Taking a deeper look into President Trump's rhetorical style headed into 2020

President Donald Trump made his campaign for re-election in 2020 official Tuesday at a rally in Orlando, Florida with a speech that garnered enthusiasm from his followers. 

Trump has collected an incredibly loyal base, despite many factors that have turned other voters away.

Dr. Jennifer R. Mercieca, rhetoric expert and Associate Professor of Communications at Texas A&M analyzed his campaign announcement speech, taking a look at patterns and details that draw his followers in.

"The overarching rhetorical figure used in the speech was an ad populum appeal (appealing to the wisdom of the crowd). Trump praised his followers as wise, good, and patriotic Americans. He said that they were his 'only special interest,' and promised that he would never let them down," says Dr. Mercieca.

As a politician, it can be argued that one's relationship with the public is even more important than specific issues and accomplishments.

"Appealing to the wisdom of the crowd is a smart strategy for Trump because he is attempting to reaffirm and solidify his relationship with his base," she says. "His rally crowd was very enthusiastic and responded well to his appeal."

While entering the 2020 presidential election landscape that is littered with potential Democratic candidates, Trump didn't seem concerned about roping in new voters, only solidifying relationships with existing ones.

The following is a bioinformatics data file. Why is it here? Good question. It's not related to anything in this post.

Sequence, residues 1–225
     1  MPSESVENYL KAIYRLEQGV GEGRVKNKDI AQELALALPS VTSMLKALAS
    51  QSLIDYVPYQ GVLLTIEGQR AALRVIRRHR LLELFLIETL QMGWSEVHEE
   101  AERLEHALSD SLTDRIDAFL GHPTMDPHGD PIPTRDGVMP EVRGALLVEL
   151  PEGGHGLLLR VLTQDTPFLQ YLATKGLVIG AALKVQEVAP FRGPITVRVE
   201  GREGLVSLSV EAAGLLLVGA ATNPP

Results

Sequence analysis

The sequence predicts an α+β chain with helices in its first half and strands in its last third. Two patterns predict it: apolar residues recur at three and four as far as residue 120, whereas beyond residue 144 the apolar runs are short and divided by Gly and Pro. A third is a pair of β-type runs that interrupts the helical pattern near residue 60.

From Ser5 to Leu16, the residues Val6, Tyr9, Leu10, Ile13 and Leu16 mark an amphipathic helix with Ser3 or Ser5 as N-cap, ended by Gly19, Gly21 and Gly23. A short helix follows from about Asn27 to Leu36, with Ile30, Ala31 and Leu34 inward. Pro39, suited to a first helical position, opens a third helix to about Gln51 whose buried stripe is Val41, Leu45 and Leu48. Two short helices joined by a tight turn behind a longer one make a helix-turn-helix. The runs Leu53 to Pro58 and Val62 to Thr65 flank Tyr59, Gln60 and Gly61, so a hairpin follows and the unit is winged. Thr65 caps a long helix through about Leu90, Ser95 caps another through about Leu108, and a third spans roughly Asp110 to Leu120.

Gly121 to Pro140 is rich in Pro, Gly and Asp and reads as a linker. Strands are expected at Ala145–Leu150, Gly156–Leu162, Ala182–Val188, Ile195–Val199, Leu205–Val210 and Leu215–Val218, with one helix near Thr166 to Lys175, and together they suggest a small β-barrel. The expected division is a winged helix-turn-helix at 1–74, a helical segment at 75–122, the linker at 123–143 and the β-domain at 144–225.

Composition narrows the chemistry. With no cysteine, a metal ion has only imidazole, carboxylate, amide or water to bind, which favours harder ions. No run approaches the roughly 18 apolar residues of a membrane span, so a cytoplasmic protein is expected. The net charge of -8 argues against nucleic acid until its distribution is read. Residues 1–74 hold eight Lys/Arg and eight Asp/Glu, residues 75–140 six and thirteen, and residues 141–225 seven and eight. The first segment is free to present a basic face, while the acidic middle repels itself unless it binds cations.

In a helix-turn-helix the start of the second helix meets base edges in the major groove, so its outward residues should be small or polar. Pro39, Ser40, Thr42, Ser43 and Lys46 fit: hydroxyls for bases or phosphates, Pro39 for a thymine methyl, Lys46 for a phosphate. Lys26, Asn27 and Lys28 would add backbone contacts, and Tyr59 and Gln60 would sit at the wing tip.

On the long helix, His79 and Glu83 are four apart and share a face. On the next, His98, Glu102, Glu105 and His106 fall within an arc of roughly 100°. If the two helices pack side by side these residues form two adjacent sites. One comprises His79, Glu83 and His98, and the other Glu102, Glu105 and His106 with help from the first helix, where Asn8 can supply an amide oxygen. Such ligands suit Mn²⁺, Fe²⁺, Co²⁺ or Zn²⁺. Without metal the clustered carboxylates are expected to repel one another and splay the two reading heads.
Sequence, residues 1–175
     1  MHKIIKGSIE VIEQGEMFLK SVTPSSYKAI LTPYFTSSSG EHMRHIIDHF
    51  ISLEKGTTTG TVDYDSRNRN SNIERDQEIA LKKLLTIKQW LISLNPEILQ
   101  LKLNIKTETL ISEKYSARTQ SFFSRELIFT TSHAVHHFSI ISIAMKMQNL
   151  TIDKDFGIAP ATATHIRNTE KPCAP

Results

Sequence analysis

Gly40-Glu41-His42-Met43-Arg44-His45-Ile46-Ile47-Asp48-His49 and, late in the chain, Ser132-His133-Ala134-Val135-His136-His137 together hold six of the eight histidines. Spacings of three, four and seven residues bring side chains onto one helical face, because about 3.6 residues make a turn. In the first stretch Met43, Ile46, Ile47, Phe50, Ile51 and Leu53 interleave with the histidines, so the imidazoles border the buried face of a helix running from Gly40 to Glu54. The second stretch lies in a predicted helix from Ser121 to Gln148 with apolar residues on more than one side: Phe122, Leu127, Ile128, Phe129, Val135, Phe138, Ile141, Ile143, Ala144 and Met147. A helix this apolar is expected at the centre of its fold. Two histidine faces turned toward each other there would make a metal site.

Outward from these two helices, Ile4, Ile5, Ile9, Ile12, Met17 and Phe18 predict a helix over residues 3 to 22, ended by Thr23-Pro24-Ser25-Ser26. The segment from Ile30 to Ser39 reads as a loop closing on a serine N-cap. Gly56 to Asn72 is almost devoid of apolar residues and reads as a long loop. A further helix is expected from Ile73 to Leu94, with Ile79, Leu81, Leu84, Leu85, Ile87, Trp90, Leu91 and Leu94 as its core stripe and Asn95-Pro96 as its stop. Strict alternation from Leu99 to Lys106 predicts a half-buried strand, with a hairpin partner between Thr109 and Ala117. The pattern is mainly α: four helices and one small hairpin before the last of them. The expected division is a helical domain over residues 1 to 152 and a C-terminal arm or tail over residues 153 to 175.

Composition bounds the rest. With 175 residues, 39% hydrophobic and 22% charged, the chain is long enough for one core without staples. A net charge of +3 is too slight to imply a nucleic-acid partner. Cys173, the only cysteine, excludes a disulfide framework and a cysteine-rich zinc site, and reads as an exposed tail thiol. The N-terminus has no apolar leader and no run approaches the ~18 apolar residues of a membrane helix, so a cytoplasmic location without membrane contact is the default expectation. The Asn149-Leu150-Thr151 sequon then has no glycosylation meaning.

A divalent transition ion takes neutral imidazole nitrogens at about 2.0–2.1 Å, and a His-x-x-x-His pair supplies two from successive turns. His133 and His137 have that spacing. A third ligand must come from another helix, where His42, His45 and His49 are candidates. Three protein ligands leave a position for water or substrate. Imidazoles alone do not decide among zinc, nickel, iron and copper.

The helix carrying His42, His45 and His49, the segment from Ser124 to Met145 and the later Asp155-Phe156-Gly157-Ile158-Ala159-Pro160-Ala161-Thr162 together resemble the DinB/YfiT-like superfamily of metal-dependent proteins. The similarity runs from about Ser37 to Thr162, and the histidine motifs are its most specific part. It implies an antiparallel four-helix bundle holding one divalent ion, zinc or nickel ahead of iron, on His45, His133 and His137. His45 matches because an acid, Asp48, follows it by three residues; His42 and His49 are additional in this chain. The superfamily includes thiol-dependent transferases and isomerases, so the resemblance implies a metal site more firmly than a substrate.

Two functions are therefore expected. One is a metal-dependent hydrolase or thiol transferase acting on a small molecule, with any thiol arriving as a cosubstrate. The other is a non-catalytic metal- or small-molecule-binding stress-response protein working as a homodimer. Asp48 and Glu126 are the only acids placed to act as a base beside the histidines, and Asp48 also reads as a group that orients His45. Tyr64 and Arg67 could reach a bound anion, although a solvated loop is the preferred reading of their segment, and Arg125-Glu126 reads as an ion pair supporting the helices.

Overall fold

"Furthermore, this speech was just for Trump's base. I don't think anyone is going to be persuaded to vote for him who didn't already support him. Trump has once again invoked his followers (he typically call them his "fans") as the only real and pure Americans," says Dr. Mercieca.

A tactic seen before from Trump made a reappearance at Tuesday night's rally. 

"The most terrifying part of Trump's speech was that he repeatedly delegitimized his political opposition.," says Dr. Mercieca. "They weren't just mistaken or preferred different policies, but they were constituted as evil, as anti-American, and as irrational aggressors who should be destroyed. That's dangerous authoritarianism and is typically a part of war rhetoric."

The biggest change from earlier rallies was the change in Trump's slogan.

"Make America Great Again" has been replaced by "Keep America Great."  KAG only has power if Trump's base feels like things have improved for them so much over the past few years that they have something to lose," she says. "MAGA hit on all of the 2016 sweet spots of alienation, distrust, fear of displacement, and authoritarianism. When Trump polled his rally crowd about which they preferred, Keep America Great won by a good margin."